@BizCollegeSport is the Twitter handle of BusinessofCollegeSports.com, which looks at financial trends in college sports. The feed posts quick hits on news items and enjoys some fun banter with followers.

@WSJSports is the Twitter handle of Adam Thompson, who writes for the Wall Street Journal’s sports department. Thompson tweets about the latest financial trends in sports, and posts links to his latest blog items.

– Finally, a collection of handle I follow that tweet about sports in general: @ESPN, @ESPNResearch, @NBCSN, @CBSSports and @YahooSports.

Photo (cc) by eldh and republished here under a Creative Commons license. Some rights reserved.

The Payroll: Good Sources of Information on Money and Sports

As every good journalist knows you can’t make it in the business without good sources. To help me in my quest for anything and everything related to the business of sports, here are some websites I will be following, and you should too:

Darren Rovell speaking to some Rays fans. Safe to say Darren has a larger audience on his blog.

The gold standard is Darren Rovell’s Sports Biz blog on CNBC. What makes Sports Biz the best is that it’s the perfect blend of sports and money. Rovell is a sports enthusiast at his core and does a lot of cool field work, including running the NYC Marathon, challenging Dwyane Wade to some hoops, and co-piloting with NASCAR racers among other adventures. Match that with CNBC’s financial acumen and Rovell becomes the go-to person in terms of trends, endorsement deals, contract signings and a host of other topics. For those of you who love the Twitter machine, you can follow him here.

Advertisers always want to know who is watching what, and Sports Media Watch does a great job breaking this down. SMW studies which games or shows received the highest TV ratings and gives its take on these trends. For instance, the watchmen found the Patriots-Broncos playoff game scored surprisingly lower than CBS execs predicted. How could Tom Brady and Tim Tebow not equal ratings galore? SMW points out that Saturday night is when people like to go out, so putting the game on Sunday likely would have drawn more viewers. Check out the Twitter page for more goodies as well.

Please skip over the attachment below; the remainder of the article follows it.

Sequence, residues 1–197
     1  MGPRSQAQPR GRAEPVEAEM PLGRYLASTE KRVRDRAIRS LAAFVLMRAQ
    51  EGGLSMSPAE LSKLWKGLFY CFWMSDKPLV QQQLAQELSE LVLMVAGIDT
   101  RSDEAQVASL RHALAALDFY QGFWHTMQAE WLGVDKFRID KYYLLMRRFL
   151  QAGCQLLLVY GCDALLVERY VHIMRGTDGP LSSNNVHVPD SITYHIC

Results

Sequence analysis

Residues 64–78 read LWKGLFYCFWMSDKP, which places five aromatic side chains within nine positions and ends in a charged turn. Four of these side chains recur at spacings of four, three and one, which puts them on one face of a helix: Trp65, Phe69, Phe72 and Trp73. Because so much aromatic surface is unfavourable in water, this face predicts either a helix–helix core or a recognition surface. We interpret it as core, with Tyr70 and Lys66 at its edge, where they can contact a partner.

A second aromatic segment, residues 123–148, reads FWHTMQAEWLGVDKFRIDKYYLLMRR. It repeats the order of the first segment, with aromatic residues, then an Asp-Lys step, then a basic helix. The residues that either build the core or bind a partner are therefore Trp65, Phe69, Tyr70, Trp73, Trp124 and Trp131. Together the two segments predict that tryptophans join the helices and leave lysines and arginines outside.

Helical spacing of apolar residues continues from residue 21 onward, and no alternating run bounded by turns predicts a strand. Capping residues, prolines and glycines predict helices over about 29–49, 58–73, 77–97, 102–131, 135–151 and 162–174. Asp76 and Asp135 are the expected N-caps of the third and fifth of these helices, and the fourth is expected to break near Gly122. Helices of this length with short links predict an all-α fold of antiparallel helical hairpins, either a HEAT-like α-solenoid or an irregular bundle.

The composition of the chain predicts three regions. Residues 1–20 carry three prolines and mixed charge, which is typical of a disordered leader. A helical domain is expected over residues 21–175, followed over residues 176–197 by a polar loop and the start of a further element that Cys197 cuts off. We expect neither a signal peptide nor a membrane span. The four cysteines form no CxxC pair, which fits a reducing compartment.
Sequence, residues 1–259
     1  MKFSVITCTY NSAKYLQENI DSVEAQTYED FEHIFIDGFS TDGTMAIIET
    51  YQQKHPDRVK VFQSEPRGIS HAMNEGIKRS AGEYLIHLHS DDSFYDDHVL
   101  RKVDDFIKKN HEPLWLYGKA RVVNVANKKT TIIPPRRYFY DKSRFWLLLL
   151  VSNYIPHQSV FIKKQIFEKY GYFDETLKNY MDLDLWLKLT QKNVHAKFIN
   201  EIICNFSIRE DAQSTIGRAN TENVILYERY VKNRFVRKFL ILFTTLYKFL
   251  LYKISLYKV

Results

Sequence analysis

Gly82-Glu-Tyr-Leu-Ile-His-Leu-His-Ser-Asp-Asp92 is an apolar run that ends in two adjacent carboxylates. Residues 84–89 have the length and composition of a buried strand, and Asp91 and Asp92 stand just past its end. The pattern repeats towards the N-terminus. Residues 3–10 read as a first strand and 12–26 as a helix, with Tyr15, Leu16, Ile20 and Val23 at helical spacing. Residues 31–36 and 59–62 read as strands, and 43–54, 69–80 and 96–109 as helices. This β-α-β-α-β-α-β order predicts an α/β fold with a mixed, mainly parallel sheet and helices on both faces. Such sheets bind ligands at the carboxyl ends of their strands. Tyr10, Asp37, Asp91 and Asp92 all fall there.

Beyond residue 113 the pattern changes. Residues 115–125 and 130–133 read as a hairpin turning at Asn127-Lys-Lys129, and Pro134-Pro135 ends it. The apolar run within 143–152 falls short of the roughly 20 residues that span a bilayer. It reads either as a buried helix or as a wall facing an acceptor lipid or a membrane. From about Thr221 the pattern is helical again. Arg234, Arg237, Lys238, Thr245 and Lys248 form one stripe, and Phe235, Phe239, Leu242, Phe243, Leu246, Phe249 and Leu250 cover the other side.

Sports by Brooks gives some interesting insight into sports business, focusing mostly on scandals in the games we love. Not surprisingly, the Penn State fiasco has taken over the site in the last month. Follow the Twitter birdie here.

Since the advent of ESPN (I’ll get to them in a bit) the personalities who cover sports have become nearly as famous as the athletes themselves. Awful Announcing is a site that puts these personalities under the microscope and looks at the good, the bad and the ugly of the industry. Twitter handle here.

Similar to Awful Announcing, Boston Sports Media Watch is one of my favorites on a local level. The site looks at how the local teams (Pats, B’s, C’s, Sox) are covered, who is covering them, and includes links to local newspaper, radio and TV websites. Consider it sports business on a micro level. Author Bruce Allen is on Twitter here.

One blog I find strikingly similar to what I plan to look at is the blog Money Players by Marc Isenberg. The blog’s tagline: “The Money. The Players. The business of professional sports, from high school to college to the pros.” I stumbled upon this site only recently, but it looks like it should provide some topics to brainstorm on.

Finally in terms of straight sports coverage I’ll check out ESPN, Yahoo!, CBS Sports, and NBC Sports among others. The Entertainment and Sports Programming Network has taken some flak recently for going too heavy on the entertainment on going too lightly on the sports. This is certainly true, but it still remains the “Worldwide Leader” for a reason.

Photo (cc) by Fifth World Art and republished here under a Creative Commons license. Some rights reserved.